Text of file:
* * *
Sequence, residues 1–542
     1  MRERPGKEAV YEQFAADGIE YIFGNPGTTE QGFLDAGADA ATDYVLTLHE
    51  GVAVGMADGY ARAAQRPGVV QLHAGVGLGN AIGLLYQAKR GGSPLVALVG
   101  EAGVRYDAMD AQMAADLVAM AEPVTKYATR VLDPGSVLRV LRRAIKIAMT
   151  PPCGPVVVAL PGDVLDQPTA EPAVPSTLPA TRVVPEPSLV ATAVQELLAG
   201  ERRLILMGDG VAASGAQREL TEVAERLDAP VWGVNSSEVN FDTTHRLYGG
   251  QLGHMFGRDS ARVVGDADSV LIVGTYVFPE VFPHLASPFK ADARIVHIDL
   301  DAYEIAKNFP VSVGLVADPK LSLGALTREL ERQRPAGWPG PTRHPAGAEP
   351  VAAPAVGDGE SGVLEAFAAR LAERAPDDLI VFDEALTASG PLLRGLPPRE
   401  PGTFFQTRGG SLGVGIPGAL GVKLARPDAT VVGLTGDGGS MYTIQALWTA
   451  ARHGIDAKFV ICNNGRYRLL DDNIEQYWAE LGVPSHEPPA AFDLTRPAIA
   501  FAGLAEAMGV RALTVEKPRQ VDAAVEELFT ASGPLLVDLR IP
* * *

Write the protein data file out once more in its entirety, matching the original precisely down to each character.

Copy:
Sequence, residues 1–542
     1  MRERPGKEAV YEQFAADGIE YIFGNPGTTE QGFLDAGADA ATDYVLTLHE
    51  GVAVGMADGY ARAAQRPGVV QLHAGVGLGN AIGLLYQAKR GGSPLVALVG
   101  EAGVRYDAMD AQMAADLVAM AEPVTKYATR VLDPGSVLRV LRRAIKIAMT
   151  PPCGPVVVAL PGDVLDQPTA EPAVPSTLPA TRVVPEPSLV ATAVQELLAG
   201  ERRLILMGDG VAASGAQREL TEVAERLDAP VWGVNSSEVN FDTTHRLYGG
   251  QLGHMFGRDS ARVVGDADSV LIVGTYVFPE VFPHLASPFK ADARIVHIDL
   301  DAYEIAKNFP VSVGLVADPK LSLGALTREL ERQRPAGWPG PTRHPAGAEP
   351  VAAPAVGDGE SGVLEAFAAR LAERAPDDLI VFDEALTASG PLLRGLPPRE
   401  PGTFFQTRGG SLGVGIPGAL GVKLARPDAT VVGLTGDGGS MYTIQALWTA
   451  ARHGIDAKFV ICNNGRYRLL DDNIEQYWAE LGVPSHEPPA AFDLTRPAIA
   501  FAGLAEAMGV RALTVEKPRQ VDAAVEELFT ASGPLLVDLR IP